a first terminus remote to the mounting plate,
first arm means rigidly connected to the bar first terminus at a fixed right angle, and,
a second terminus adjacent to the mounting plate,
second arm means engageable with the mounting plate and pivotally connected to the bar second terminus in laterally offset relation defining a fulcrum for the mounting plate; and
force application means adapted to exert spreading or contracting force above or below and in parallel with the bar between the first and second arms freely of pressure on the spindle to angularly vary the relative positions of the arms whereby the mounting plate is pivoted away or toward the remote bar terminus about the fulcrum in camber controlling member bending relation against the weight of the vehicle, and camber adjusted negatively or positively respectively thereby.
In the foregoing and other embodiments of the invention, the first arm means typically comprises a U-cross section element, the bar second terminus defines a journal, the second arm means is a U-cross section element sized to overfit the bar second terminus and apertured in registration with the journal, and the tool further includes a pin coupling the bar second terminus and the second arm means element in pivoting relation to extend on either side of the bar at a desired angle. Additionally, the second arm means typically includes an adapter removably secured to the second arms means element beyond the pivot a distance defining the lateral offset for encircling the assembly spindle in arm means coupling relation to the assembly mounting plate.
There is further contemplated in the tool, a longitudinally adjustable power device for force application, the device being applicable between the first and second arm means on the same side of the bar for camber adjustment through bending of a trailing arm, and applicable between the first arm and a McPherson strut with the second arm means coupled to the mounting plate on the opposite side of the bar from the first arm for camber adjustment through bending of a McPherson strut by pivoting movement of the mounting plate rigidly coupled between the second arm means and the trailing arm or McPherson strut respectively.
The invention will be further described in conjunction with the attached drawings in which:
FIG. 1 is a side elevational view of the tool according to the invention, as particularly set up for correcting camber from too positive to a desired more negative condition;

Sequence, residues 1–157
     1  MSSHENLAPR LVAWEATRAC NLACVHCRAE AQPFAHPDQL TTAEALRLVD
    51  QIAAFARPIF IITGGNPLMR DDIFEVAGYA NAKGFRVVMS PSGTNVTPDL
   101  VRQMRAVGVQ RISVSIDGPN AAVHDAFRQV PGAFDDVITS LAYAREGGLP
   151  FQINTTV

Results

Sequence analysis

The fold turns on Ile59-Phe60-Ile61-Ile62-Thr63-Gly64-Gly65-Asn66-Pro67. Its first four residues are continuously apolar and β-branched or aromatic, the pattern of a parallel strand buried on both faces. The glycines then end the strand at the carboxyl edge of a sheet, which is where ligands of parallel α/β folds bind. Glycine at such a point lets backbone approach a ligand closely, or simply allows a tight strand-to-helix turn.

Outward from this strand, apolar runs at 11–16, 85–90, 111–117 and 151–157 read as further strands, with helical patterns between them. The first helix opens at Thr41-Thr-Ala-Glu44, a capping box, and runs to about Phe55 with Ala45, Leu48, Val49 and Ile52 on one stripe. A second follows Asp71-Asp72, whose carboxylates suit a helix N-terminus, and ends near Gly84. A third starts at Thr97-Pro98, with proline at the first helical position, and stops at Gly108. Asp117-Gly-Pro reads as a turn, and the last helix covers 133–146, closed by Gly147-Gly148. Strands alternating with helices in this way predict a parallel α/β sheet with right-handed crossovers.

FIG. 2 is a side elevational view thereof, particularly set up for correcting camber from too negative to a desired more positive condition;
FIG. 3 is a plan view of the invention tool set up for correcting camber in a McPherson strut suspension from too positive to a desired more negative condition; and
FIG. 4 is a side elevation view of the tool set up for correcting camber in a McPherson strut suspension from too negative to a desired more positive condition.
The present tool is adapted to correction of camber in suspensions in which the camber determining member is a tubular element such as a trailing arm or McPherson strut. To correct camber adjustment it is necessary to deflect the tubular element along its longitudinal axis in a manner that alters the angular orientation of the wheel, or more precisely the wheel mounting plate, relative to the plane of the ground, either to tip the upper portion of the wheel mounting plate inward relative to the vehicle (negative camber adjustment), or to tip the lower portion of the plate inward relative to the vehicle (positive camber adjustment). Camber adjustment is necessitated by vehicle design flaws or by abuse of the suspension by the vehicle operator, e.g. as may result from the vehicle wheel striking curbs.
With reference now to the drawings in detail, the camber corrective adjustment tool is shown at 10 in the FIGURES attached through an adapter ring 11 to wheel mounting plate 12 from which the wheel has been removed, circularly around and freely of engagement with the exposed extent of the wheel spindle 14. It will be particularly noted from the ensuing description that no force is exerted on the spindle 14 bearings as the camber is corrected, which is a signal feature of the present invention. The wheel mounting plate 12 is affixed to the camber determining tubular suspension element which in FIGS. 1 and 2 is a trailing arm 16, and which in FIGS. 3 and 4 is a McPherson strut 18. Adjustment of camber requires precise flexing of the elements 16 or 18, and the invention tool meets this need.
With reference now to FIGS. 1 and 2, the tool 10 is depicted to comprise a rigid bar 20 of U-shaped cross-section and having in its normally horizontal operating position a first terminus 22 remote to the mounting plate 12, and a first arm 24 of U-shaped cross-section rigidly connected to the bar first terminus at a fixed right angle. The bar 20 has a second terminus 26 adjacent the mounting plate 12, and a second arm 28 also of U-shaped cross-section which is engaged with the mounting plate through the adapter ring 11 by a series of bolts (not shown). The second arm 28 is pivotally connected to the bar second terminus by a pin 29 so located relative to the attachment point of the mounting plate to the arm 28 as to define a fulcrum relative to the mounting plate. With reference to FIG. 1, force application by Porta-Power unit 30, by extension between pins 32 and 34 carried at the outer ends of arms 24 and 28 respectively, urges these pins and the arms carrying them thereby relatively apart and the mounting plate 12 to tip relatively inward at top, and outward at the bottom, to effect a change toward the negative in camber of the mounting plate 12, and thus the wheel when remounted thereon. The fixed connection of the remote terminus 22 and arm 24, in conjunction with the plate adjacent terminus 26 pivoted connection to arm 28, translates the spreading between pins 32 and 34 into large forces at the mounting plate 12 through the fulcrum defined at pin 29. Because the plate 12 is fixed to the movable arm 28, arm 28 movement moves the plate. The forces thus exerted on the trailing arm 16 result in flexed distortion of the trailing arm in a manner which results in the camber being corrected proportional to the angular adjustment of the wheel mounting plate 12 by the arm 28 relative to the plane of the ground.